BITs are international agreements entered between two sovereign states to protect investments made by investors from one contracting state in the territory of the other contracting state. Dutch BITs are known to provide the “gold standard” for BITs in the world and are considered to offer the best protection for foreign investment. They generally include the following substantive obligations from each contracting state towards investors from the other contracting state:

  • Fair and equitable treatment
  • Protection from expropriation without compensation
  • Protection from treatment less favourable that that offered to other foreigners or their own nationals
  • Provision of full protection and security to investments

Which investments are covered by a BIT depends on the definition of investment in a particular BIT. Typically, Dutch BITs provide a wide definition of “investments” by covering all kinds of investments such as shares, bonds, movable and immovable properties.

To avail protection, investors must have the nationality of the state signatory to qualify. For example, subsidiaries of US investors locally incorporated in the Netherlands generally can invoke the applicable Dutch BIT. Consequently, protection from a Dutch BIT can usually be realized by interposing a Dutch intermediate holding company between the US parent and the investment or subsidiary. Dutch entities are easy to maintain and cost-efficient with limited financial disclosure obligations. In principle, there are no substance requirements such as maintaining a physical presence in the Netherlands to qualify under Dutch BITs. Moreover, Dutch BITs typically contain a clause whereby existing investments continue to be protected for a certain period of time even if one of the signatory states decides to terminate the BIT.

ENFORCEMENT THROUGH INTERNATIONAL ARBITRATION

In the event of a breach of the BIT, investors have direct access to international arbitration leading to a judgment that is directly enforceable against a sovereign state. To initiate arbitration proceedings, the deprived investor is not dependent of the cooperation of the involved signatory state. Often, initiating proceedings will make the state in breach receptive to settling the arisen dispute.

LEADING EXAMPLES

There are a number of cases involving Netherlands BITs, which confirm the bias towards deprived investors and have led to significant and diverse levels of compensation for such investors.

Recent high profile examples include the well-publicized Yukos case against Russia in which the shareholders were awarded compensation in excess of USD 50bn, the Conoco-Phillips award against Venezuela and the multiple Argentinean sovereign debt default cases.

WHAT ARE THE STEPS THAT I MUST TAKE TO QUALIFY FOR MAXIMUM PROTECTION OF MY INVESTMENT?

Amend your existing corporate structure to include Dutch entities that provide access to the Dutch BIT. Dutch entities that are set up to utilize BIT does need to meet substance requirements; however, it is required if you plan on using the entity for tax purposes as well.

We can assist you with the following steps to be taken:

  • Confirmation of no negative tax consequences by interposing Dutch entities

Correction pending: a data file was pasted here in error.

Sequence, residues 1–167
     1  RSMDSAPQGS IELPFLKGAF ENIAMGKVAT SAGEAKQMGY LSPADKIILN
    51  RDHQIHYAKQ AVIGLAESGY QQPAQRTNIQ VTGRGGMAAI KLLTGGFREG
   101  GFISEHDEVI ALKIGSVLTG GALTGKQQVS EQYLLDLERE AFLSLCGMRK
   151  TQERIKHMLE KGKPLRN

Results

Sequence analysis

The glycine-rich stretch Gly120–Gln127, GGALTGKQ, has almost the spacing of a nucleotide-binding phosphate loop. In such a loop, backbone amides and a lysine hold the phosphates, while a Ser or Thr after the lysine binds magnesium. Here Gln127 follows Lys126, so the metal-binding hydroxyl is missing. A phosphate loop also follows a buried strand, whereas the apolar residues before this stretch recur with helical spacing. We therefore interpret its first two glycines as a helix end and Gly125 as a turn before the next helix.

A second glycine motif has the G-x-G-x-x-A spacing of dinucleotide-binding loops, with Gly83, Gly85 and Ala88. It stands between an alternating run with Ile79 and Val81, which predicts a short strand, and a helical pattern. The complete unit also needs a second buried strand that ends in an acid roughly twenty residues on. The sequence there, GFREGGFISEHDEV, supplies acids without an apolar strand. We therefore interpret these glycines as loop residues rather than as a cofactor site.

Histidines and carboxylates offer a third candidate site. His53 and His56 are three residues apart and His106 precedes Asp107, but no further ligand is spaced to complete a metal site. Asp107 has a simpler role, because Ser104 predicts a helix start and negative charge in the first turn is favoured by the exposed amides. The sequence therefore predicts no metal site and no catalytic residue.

• Audit and accounting services
  • Legal confirmation that your investment falls within the scope of NL-Russia BIT
  • Annual tax filings and tax compliance
  • Annual BIT compliance assessment of structure
  • Legal advice regarding all aspects of arbitration proceedings

CONCLUSION

Dutch BITs provide the global “gold standard” for investment protection and have a wide definition of “investment” and “investor,” in addition to providing an extensive network of almost 100 treaties including emerging economies. Without Dutch BITs and the level of protection offered, investments into certain jurisdictions would not be possible. Interposing a Dutch intermediate holding company for your Russian assets and investments will safeguard your investment against political risk and will assist your board of directors in its obligation to maintain adequate risk controls.

GUEST BLOGGER: Corney Versteden, LLM, Senior Tax Partner, HLB Van Daal & Partners

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Bernard Kramer, an 83-year old man from Delray Beach, Florida plead guilty to hiding $1.1 million from the IRS in Israel and Switzerland bank accounts, nicknamed ‘hot lips’.

The court filing shows that Kramer received periodic disbursements from the unidentified Swiss bank by requesting checks for less than $10,000, which is the threshold that requires banks to report transactions to government regulators. Upon learning that UBS was being investigated by U.S. authorities for helping U.S. taxpayers conceal accounts, Kramer arranged to move his funds to a new account at an Israeli bank in 2010. He failed to report interest and income from these accounts to the IRS and failed to file a FBAR.Kramer held the secret accounts for more than a quarter century – from 1987 to 2012. He plead guilty to conspiracy and agreed to cooperate with government investigators and pay a civil penalty of $588,042 plus his past due taxes. He faces a maximum eight-year prison term at a Manhattan federal court. The sentencing is scheduled for February 6, 2014.

Dozens of wealthy U.S. taxpayers have been charged since the release of Swiss bank accounts evading U.S. taxes became public.